Last week, my whole family headed down to Los Angeles for my little sister’s college graduation. Mustafa and I, along with my parents, decided to do what any respectable group of adults would do when visiting LA: we headed over to Disneyland for a day. As a kid, Disneyland was my happy place and could do no wrong. As an adult I was curious how the Happiest Place on Earth would measure up. Would it still retain its magic for a newly minted 30-year-old? Or would it just seem campy and overdone? Here are a few things that I noticed from our recent visit to the park…
Related: A One Day Itinerary For Disneyland
The rides affected me a lot more than before. Growing older sucks. Indiana Jones, one of my favorite rides was a lot more jerky than I remembered and Soarin’ left me feeling lightheaded. I’m just glad I didn’t eat before either, otherwise it wouldn’t have been pretty. All I can say is that I know to steer clear of the Tea Cups.
I still appreciated that good ol’ Disney magic. Despite almost getting run over by strollers (seriously they rule the land), Disneyland still retained its magic for me. The moment that we entered the ticket area and could hear the uplifting park soundtrack, I turned into a giddy kid again. Maybe it was because this park and I have so much history, but I swear I saw Mustafa look starry-eyed more than once.
We didn’t really have a specific agenda, but I made sure to pay a visit to the cheeky spirits up in the Haunted Mansion (my all-time favorite ride), and it was as good as I remembered with all the transparent residents up to their usual ghoulish antics.
There is such thing as fine dining at Disney. My parents made a reservation at the Blue Bayou restaurant and I have to say that this is one thing that you have to do at least once. True, the dishes cost as much as what I would usually spend on a typical dinner out for two, but the feeling of dining in the middle of a nighttime bayou almost makes up for the steep price tags.
Fine dining aside, I didn’t eat as much food as I had planned to because greasy food and motion sickness do not mix. I was able to snag a classic Disney churro towards the end of the night that more than made up for any missed treats.
I did make a rookie mistake by not eating dinner before 8 p.m. (In my defense, I was too busy buzzing around California Adventure). By the time we headed back to Disneyland to grab a bite before the Paint the Night Parade (highly recommend), nothing was open except Cola Corner for hot dogs and we had to maneuver around the maze of ropes that were being put up for the parade. Disaster, I tell ya.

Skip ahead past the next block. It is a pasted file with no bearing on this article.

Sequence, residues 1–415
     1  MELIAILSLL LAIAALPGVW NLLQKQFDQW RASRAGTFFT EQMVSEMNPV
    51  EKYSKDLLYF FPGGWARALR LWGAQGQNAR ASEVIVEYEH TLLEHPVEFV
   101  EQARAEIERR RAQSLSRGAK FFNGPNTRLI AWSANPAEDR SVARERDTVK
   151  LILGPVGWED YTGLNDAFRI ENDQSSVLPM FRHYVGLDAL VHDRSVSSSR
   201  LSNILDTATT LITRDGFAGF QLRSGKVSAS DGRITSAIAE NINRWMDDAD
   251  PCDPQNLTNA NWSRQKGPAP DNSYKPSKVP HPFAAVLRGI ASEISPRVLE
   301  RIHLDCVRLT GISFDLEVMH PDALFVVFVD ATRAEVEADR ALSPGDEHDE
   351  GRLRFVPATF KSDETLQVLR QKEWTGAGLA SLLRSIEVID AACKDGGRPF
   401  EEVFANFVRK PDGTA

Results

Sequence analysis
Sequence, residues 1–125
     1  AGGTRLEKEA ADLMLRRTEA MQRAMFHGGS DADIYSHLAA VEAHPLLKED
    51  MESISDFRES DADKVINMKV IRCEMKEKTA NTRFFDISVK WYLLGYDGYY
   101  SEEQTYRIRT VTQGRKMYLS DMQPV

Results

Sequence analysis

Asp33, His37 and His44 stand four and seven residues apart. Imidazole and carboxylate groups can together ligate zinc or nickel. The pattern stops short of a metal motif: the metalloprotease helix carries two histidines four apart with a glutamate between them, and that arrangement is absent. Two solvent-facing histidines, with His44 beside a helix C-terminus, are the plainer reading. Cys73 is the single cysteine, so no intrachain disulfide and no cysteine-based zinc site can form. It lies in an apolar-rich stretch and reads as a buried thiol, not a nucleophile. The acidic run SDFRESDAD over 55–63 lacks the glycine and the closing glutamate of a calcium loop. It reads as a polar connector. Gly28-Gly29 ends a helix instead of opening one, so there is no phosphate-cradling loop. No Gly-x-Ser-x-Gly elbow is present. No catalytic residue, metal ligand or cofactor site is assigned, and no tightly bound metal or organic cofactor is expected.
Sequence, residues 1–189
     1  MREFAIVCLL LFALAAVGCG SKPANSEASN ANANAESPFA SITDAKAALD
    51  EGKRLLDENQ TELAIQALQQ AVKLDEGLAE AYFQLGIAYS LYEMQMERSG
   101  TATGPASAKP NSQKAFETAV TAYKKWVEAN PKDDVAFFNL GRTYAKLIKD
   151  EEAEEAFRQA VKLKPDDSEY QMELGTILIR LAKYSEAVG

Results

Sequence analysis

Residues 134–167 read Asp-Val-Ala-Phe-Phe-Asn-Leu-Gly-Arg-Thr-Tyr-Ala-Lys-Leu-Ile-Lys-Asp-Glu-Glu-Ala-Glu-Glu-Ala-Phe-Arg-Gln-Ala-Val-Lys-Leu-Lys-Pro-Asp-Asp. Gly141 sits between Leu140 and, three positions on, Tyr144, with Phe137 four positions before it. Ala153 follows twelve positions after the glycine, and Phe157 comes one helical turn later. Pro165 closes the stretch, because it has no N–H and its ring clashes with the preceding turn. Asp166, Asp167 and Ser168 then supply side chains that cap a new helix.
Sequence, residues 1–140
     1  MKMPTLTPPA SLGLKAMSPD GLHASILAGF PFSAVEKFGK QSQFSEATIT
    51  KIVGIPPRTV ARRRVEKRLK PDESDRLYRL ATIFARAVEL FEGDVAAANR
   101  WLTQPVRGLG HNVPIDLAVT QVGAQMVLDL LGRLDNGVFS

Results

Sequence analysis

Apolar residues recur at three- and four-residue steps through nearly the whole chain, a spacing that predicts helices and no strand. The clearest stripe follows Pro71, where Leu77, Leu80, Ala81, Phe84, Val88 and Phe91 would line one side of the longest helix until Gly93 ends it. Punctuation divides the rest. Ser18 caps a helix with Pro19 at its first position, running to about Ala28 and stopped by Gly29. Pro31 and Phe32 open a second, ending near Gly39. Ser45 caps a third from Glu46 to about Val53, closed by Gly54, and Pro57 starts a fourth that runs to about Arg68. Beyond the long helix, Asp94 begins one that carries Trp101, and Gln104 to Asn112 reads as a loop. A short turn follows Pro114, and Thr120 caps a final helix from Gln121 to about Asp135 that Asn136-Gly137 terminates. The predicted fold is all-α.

The customer service is on point. When my mom’s gluten-free dish took longer than expected, the staff at the Blue Bayou graciously bestowed us with Fast Passes to both It’s A Small World and Pirates of the Caribbean. Actually, one of the staff (thanks Andy!) personally escorted us to the front of the line in Pirates and we felt like Disneyland royalty.
You’re never too old to act like a kid. It was Mustafa’s first visit and we headed over to the Mad Hatter to get him his first pair of Mickey ears (complete with his name embroidered in gold on the back, obviously). I got a pair of sparkling Minnie ears in solidarity and we wore them the rest of the day. My only regret? Not buying them earlier.
Speaking of kid-like shenanigans, we almost skipped over Toontown, but I’m glad we stopped by. By the time we made it in the late afternoon the crowds of kids had eased up and we could easily explore Mickey’s hometown without the pint-sized madness.
California Adventure was better than I thought. Disneyland will always be my first love, but California Adventure you are growing on this California girl. I was impressed this visit with the different lands (Hollywood! Grizzly Peak! Pacific Pier!), but my favorite was Cars Land. It felt like I had fallen right into the middle of a whimsical auto world.
If you go…
We stayed in a two bed/two bath condo at the Dolphin’s Cove Resort just minutes away from the park, which was quite a steal compared to the Disneyland Hotel.
If you are staying close to the park, consider taking an Uber there and back. One way our ride was $3 (funny sidenote: our driver was terrible and ran into the curb on our short ride there, but not to worry-this is not reflective of all Anaheim Uber drivers, we just lucked out) and we avoided the hefty $20 parking fee.
Get breakfast outside of the park. We found a collection of cafes nearby on the Promenade in Downtown Anaheim that did the trick. The K&A Café was great for breakfast burritos and sandwiches. Ink & Bean was perfect for getting a good Stumptown roast and checking out the print-themed décor with the old typewriters and books hanging from the ceilings.
If you want to save money on food, Disneyland allows you to bring in drinks and snacks (they didn’t when I was younger).
Disneyland is exhausting for all age levels. Having a sit-down meal in the middle of the day made a HUGE difference on our energy levels for the rest of our visit.
Have you ever been to Disneyland as an adult? What were your impressions?
I was hosted by Disneyland, but all options as always are my own.